For all the enormous consequence of their actions, central bankers often make decisions cloaked in gray.

While dissents from interest-rate calls aren’t uncommon — and can turn doubters into heroes if things don’t go well — those in the minority typically aren't major-league rebels. That makes it tough to guess what people will do if they graduate to the corner suite: The prevailing conditions at the time matter more than philosophy. Japan may be become a powerful exhibit of that.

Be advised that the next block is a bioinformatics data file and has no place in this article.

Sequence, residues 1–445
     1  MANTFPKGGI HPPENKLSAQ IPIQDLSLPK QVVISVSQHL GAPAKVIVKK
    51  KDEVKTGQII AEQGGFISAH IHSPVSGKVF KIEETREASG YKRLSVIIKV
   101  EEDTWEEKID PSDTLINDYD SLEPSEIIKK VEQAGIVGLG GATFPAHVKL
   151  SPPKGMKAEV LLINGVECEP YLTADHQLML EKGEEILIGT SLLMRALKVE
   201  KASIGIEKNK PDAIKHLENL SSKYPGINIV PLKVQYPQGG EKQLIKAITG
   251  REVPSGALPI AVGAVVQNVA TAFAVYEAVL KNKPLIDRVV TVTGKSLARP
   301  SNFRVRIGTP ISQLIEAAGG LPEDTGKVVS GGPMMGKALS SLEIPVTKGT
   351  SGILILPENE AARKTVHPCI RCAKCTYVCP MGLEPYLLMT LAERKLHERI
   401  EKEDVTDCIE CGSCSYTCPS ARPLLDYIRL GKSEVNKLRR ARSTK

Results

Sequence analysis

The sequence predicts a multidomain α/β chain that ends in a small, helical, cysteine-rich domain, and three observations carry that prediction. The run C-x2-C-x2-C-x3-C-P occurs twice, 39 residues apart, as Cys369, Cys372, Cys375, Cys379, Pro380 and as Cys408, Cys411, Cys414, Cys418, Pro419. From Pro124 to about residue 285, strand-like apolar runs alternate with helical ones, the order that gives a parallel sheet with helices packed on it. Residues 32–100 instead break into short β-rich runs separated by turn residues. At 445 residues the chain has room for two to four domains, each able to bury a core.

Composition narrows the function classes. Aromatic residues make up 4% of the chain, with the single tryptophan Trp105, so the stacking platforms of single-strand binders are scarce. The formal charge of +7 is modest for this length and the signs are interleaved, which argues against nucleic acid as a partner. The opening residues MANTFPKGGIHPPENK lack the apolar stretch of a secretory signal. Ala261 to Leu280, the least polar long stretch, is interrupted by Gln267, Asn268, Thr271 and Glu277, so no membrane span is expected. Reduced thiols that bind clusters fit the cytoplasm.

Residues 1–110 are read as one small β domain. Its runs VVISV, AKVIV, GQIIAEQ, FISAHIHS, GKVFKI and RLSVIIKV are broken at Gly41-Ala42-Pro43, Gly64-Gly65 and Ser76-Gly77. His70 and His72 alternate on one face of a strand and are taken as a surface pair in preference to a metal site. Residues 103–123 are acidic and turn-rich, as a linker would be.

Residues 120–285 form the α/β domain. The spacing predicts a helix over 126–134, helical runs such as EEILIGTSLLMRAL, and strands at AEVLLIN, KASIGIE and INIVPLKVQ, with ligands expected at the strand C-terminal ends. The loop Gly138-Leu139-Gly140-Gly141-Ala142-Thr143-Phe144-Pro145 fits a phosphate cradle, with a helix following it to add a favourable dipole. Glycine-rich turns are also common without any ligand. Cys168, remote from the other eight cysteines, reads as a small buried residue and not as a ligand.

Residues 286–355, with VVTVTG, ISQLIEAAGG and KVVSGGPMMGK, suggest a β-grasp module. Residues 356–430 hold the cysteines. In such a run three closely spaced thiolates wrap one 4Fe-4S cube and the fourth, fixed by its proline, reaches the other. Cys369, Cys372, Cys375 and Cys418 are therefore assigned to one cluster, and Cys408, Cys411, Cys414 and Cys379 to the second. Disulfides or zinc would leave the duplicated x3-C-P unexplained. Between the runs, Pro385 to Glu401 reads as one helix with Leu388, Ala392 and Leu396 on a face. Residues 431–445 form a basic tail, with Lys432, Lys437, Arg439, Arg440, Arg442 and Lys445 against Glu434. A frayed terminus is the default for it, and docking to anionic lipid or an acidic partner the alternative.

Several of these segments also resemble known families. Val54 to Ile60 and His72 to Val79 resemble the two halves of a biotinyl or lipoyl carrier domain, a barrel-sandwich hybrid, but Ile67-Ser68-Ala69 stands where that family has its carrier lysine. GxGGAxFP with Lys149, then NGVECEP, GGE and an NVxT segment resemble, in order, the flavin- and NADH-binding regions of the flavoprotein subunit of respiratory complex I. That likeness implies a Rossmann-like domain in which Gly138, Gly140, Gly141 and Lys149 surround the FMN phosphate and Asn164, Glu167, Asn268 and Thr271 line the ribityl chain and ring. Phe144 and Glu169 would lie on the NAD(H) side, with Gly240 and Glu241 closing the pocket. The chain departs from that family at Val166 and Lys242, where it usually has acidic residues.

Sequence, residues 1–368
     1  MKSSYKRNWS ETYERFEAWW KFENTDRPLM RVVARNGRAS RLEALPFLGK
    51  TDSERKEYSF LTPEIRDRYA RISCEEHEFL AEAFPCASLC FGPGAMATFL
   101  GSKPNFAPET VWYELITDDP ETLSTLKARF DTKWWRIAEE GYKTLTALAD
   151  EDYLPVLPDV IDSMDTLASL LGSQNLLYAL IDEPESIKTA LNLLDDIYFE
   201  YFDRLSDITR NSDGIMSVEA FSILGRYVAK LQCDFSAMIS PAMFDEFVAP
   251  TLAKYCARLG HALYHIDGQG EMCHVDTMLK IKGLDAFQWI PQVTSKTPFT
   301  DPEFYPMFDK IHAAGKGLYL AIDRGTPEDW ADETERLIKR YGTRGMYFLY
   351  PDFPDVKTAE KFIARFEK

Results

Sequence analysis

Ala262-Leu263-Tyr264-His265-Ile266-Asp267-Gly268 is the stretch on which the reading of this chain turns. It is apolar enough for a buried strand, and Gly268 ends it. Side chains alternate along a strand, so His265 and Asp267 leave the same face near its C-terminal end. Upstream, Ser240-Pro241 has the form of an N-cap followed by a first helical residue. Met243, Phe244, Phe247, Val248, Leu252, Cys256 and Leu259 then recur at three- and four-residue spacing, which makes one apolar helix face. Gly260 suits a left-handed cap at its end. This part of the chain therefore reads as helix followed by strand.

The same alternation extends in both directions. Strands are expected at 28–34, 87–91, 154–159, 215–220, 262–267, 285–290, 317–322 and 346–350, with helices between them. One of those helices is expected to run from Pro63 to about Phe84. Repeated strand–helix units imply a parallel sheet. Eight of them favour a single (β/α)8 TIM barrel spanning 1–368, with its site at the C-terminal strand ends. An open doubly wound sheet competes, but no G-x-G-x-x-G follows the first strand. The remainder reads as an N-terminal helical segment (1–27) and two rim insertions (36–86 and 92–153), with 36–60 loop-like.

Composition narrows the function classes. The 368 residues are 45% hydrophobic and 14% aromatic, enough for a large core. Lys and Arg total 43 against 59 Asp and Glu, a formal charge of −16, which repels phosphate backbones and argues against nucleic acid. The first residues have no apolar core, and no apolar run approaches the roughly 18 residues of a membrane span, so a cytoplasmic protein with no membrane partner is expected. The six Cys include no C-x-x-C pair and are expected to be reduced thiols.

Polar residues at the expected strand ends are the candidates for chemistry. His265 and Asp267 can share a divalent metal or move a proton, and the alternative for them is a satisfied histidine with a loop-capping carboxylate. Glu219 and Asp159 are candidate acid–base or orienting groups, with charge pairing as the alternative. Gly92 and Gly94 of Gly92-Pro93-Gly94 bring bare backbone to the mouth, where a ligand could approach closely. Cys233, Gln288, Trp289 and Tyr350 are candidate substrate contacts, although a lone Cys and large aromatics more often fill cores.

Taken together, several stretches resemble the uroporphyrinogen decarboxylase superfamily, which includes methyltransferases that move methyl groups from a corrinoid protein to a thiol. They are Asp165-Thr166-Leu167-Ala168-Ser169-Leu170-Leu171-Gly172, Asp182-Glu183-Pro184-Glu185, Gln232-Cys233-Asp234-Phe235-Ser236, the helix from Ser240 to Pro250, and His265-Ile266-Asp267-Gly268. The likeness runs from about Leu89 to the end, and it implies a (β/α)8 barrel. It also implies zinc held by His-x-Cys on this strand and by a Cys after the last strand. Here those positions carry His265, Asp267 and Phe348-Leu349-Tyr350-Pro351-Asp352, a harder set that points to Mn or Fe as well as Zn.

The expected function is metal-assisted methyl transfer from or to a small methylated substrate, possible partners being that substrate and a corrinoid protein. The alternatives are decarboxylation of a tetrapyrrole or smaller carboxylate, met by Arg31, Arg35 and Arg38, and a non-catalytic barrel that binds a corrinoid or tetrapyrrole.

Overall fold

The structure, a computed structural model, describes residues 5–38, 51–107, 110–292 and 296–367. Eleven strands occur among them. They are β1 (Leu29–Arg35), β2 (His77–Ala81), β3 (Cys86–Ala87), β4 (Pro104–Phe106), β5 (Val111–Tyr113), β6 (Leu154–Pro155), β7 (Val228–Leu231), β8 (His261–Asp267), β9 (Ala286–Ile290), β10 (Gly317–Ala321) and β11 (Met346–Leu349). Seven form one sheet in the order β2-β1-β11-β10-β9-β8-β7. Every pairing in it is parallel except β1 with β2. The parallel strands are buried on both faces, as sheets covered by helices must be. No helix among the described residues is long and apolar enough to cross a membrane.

When news rippled across markets late Friday that Kazuo Ueda was to succeed Haruhiko Kuroda as Bank of Japan chief, investors didn’t have a lot to go on. (His appointment was officially announced Tuesday.) Some narratives latched onto his academic background and likened him to Ben Bernanke, who ran the Federal Reserve from 2006 to 2014 and propelled the U.S. in the world of Japan-style easy money. More interesting, however, may be a closer look at Ueda’s time on the BOJ’s policy board a few decades ago. Specifically, his thinking around the bank’s blunder in August 2000, when the BOJ lifted its benchmark rate and Ueda voted "No.” (Another colleague, Nobuyuki Nakahara, also broke with the majority.)